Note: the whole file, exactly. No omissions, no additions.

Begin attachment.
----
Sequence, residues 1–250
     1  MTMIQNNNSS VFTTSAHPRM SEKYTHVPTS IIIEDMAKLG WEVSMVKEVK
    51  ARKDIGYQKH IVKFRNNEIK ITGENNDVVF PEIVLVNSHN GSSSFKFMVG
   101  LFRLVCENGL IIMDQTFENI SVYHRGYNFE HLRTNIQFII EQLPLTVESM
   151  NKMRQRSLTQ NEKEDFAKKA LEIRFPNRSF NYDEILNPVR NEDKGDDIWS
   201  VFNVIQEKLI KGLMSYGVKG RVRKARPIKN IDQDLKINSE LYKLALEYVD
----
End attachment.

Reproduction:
Sequence, residues 1–250
     1  MTMIQNNNSS VFTTSAHPRM SEKYTHVPTS IIIEDMAKLG WEVSMVKEVK
    51  ARKDIGYQKH IVKFRNNEIK ITGENNDVVF PEIVLVNSHN GSSSFKFMVG
   101  LFRLVCENGL IIMDQTFENI SVYHRGYNFE HLRTNIQFII EQLPLTVESM
   151  NKMRQRSLTQ NEKEDFAKKA LEIRFPNRSF NYDEILNPVR NEDKGDDIWS
   201  VFNVIQEKLI KGLMSYGVKG RVRKARPIKN IDQDLKINSE LYKLALEYVD